John Calvin Coolidge, Jr. (4 July 1872–5 January 1933) was the 30th President of the United States (1923–1929).
Economist and historian Robert Murphy describes Coolidge as follows:
"As far as fiscal responsibility, Coolidge was superlative.
"In contrast to the onerous burden created under Woodrow Wilson, during the Coolidge years the bottom bracket's tax rate was brought down to 1.5 percent by 1926, while an upper-middle-class (though hardly "filthy rich") household earning $20,000 saw its tax rate slashed to 9 percent.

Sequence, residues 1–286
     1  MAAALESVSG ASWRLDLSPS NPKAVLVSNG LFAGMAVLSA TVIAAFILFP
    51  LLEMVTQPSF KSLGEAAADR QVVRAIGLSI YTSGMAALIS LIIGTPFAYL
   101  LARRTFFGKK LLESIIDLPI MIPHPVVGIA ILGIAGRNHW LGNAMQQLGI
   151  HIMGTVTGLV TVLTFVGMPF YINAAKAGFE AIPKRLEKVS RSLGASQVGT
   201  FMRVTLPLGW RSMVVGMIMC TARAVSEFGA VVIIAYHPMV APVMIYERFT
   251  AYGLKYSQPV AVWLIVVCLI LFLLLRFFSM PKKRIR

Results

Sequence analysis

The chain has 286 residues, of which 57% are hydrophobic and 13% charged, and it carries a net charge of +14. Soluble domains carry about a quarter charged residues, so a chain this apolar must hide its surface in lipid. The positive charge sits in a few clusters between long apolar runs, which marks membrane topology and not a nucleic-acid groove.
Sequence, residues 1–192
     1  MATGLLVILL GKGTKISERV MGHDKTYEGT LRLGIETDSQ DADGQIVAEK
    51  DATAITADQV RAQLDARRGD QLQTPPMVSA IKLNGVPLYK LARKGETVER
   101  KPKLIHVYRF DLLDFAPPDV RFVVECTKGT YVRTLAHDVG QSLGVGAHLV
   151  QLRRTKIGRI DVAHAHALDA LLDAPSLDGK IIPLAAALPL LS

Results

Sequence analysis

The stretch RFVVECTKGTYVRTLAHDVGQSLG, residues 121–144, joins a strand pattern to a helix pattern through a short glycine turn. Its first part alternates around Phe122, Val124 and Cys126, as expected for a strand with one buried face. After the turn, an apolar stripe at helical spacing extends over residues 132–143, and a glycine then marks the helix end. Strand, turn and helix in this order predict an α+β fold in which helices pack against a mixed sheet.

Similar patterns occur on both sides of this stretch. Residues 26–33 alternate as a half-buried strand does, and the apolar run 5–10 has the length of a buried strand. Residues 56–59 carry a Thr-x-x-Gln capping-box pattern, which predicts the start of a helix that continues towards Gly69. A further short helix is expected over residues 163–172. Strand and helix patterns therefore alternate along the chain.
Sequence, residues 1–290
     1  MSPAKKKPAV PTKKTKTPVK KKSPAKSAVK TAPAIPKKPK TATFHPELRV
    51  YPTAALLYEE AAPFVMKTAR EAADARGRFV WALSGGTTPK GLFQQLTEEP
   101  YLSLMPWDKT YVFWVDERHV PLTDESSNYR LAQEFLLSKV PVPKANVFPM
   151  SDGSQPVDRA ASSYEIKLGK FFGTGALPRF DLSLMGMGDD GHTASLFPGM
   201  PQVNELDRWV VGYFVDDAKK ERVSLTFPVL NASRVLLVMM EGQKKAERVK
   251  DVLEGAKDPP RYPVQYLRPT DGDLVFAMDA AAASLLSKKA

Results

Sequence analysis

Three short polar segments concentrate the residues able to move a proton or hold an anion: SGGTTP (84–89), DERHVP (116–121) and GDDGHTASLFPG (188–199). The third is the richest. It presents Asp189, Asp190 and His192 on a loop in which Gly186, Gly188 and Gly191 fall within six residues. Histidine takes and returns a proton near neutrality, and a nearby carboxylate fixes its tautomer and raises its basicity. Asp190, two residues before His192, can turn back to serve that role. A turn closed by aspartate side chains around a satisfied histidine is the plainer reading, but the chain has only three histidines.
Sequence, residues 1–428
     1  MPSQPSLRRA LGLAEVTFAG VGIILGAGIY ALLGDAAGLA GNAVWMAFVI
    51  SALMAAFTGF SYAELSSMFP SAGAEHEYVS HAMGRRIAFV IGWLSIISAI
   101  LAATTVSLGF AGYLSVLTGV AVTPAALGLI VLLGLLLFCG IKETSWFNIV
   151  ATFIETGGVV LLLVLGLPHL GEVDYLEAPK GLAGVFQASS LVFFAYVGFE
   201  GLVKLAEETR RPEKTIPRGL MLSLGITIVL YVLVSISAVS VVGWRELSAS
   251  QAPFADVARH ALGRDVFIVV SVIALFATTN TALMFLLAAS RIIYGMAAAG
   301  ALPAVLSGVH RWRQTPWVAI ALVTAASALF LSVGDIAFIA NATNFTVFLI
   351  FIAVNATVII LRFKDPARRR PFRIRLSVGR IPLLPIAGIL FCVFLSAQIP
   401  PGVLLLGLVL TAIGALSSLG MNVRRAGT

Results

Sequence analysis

"He ran budget surpluses every year he was in office."
- Murphy, Robert P. Interwar Presidents and the Fantasies of Historians